# Multiple linear regression for comparison of diagnostic tests

Hi. I’m a pathologist. I’m interested in statistics but in the category of knowing enough to be dangerous I suspect. I want to do a study where I compare two diagnostic tests. One gives a continuous result, the other is categorical (yes/no). I suspect that how well they correlate depend on a number of other factors, some are categorical, some are continuous. My sample will be randomly drawn from a large collection of samples with an expected wide range of results. Can I use multiple regression for this? I want to have my continuous test as the outcome and my categorical test, along with the different factors I think would influence the correlation as covariates. I’m not so interested in how much of the variability in the outcome would be explained by the model (one of the covariates is going to correlate strongly with the outcome) but to estimate how much the covariates affect the correlation between the two tests. I suspect I’m wrong about something because I can’t find any studies doing this for diagnostic test assessment and my PI doesn’t understand what I mean. Would be thankful for input.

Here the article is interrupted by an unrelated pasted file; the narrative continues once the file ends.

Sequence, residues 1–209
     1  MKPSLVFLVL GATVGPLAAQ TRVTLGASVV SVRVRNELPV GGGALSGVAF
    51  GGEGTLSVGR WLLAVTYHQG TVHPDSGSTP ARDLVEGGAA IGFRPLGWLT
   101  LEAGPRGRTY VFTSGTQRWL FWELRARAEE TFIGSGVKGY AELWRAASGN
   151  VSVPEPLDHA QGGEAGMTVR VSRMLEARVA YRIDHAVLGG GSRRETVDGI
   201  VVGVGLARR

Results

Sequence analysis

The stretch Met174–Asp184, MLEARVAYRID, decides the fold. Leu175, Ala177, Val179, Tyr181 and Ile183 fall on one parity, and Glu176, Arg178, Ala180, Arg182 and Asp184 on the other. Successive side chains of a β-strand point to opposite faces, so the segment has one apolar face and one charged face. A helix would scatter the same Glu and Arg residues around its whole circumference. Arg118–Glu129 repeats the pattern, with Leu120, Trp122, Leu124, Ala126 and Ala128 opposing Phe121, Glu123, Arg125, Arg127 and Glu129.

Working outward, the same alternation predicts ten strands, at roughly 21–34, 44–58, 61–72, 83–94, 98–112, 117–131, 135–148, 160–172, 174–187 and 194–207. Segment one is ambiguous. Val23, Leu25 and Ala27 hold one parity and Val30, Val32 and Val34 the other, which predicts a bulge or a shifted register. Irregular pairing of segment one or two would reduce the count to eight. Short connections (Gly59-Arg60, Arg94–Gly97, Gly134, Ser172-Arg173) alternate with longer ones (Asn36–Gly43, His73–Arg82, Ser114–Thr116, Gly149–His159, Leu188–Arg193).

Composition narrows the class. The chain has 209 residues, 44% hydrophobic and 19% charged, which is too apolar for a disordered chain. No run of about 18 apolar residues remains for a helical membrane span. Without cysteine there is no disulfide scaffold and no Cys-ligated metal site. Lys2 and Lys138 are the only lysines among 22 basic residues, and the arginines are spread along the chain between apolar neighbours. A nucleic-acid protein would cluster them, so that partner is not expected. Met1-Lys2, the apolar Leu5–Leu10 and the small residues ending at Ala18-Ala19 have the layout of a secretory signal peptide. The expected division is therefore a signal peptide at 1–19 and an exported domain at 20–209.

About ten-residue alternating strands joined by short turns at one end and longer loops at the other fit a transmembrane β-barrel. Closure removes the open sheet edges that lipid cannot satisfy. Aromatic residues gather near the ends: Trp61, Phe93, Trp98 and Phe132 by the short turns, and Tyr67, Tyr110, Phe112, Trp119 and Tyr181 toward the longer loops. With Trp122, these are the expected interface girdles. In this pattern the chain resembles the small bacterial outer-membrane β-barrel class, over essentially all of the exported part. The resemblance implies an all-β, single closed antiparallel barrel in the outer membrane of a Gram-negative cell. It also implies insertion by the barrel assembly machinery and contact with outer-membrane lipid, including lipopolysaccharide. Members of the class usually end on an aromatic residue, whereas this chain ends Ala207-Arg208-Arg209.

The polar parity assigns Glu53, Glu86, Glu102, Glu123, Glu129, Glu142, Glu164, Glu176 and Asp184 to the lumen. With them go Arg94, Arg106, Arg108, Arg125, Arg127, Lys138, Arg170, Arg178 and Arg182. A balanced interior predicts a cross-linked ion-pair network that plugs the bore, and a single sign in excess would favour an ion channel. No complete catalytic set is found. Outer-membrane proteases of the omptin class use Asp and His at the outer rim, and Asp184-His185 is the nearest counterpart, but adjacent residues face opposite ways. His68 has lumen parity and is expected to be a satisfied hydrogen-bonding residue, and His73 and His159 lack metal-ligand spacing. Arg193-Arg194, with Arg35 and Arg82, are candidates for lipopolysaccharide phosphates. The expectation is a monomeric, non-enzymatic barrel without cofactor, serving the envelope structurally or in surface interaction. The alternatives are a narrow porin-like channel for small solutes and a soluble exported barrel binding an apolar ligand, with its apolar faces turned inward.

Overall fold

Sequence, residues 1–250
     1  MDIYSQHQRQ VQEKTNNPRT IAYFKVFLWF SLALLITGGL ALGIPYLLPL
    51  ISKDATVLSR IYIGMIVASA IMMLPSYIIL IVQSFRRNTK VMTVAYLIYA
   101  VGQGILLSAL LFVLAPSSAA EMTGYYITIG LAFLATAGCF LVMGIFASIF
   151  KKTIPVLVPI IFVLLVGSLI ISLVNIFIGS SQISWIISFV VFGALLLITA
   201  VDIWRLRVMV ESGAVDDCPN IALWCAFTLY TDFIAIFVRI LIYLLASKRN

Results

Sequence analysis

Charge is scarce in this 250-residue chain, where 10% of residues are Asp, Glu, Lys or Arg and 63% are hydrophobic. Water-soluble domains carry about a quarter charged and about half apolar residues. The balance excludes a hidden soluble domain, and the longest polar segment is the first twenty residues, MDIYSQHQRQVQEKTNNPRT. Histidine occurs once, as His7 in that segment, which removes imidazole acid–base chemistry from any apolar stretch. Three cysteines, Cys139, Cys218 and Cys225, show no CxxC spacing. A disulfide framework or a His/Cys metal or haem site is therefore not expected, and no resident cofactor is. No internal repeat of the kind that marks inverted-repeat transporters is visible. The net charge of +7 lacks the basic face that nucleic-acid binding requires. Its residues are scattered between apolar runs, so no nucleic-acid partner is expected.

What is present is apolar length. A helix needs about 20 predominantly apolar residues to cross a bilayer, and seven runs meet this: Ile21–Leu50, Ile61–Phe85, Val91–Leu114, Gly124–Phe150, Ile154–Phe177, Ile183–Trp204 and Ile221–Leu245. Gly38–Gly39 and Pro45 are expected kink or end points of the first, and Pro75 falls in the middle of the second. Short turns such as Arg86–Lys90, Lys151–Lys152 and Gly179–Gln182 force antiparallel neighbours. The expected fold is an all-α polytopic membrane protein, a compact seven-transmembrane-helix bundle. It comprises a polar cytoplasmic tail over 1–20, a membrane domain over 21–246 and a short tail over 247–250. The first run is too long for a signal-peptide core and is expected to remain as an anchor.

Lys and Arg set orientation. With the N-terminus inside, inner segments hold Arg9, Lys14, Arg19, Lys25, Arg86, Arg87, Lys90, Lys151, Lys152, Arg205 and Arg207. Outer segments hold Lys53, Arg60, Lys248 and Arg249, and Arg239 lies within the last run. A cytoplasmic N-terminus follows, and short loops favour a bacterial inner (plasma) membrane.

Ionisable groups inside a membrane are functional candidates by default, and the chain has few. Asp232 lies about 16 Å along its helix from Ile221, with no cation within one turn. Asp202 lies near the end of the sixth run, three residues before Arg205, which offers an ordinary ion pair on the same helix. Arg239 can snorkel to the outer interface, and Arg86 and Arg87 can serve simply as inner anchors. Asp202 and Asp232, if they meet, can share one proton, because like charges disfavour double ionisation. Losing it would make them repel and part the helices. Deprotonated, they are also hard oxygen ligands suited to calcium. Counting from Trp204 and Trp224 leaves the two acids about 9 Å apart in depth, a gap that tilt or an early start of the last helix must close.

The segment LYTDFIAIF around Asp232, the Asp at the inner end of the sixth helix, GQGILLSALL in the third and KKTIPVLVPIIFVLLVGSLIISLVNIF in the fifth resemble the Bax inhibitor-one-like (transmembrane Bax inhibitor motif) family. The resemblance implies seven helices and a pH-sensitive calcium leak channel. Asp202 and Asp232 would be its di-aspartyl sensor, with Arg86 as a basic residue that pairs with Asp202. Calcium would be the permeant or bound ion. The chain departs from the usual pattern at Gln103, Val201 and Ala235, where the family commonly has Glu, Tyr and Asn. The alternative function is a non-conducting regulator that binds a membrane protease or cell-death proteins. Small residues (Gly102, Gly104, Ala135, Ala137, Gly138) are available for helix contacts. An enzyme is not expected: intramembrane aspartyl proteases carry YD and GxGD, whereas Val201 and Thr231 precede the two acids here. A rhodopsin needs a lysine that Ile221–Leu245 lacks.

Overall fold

Some sort of regression (not sure it’s linear regression) is probably ideal for this. See Biostatistics for Biomedical Research - 19  Diagnosis and Statistical Thinking - Statistically Efficient Ways to Quantify Added Predictive Value of New Measurements. An easy statistical test is to see if test A adds diagnostic information to test B and whether B adds to A. If only one adds information you have a simpler answer.

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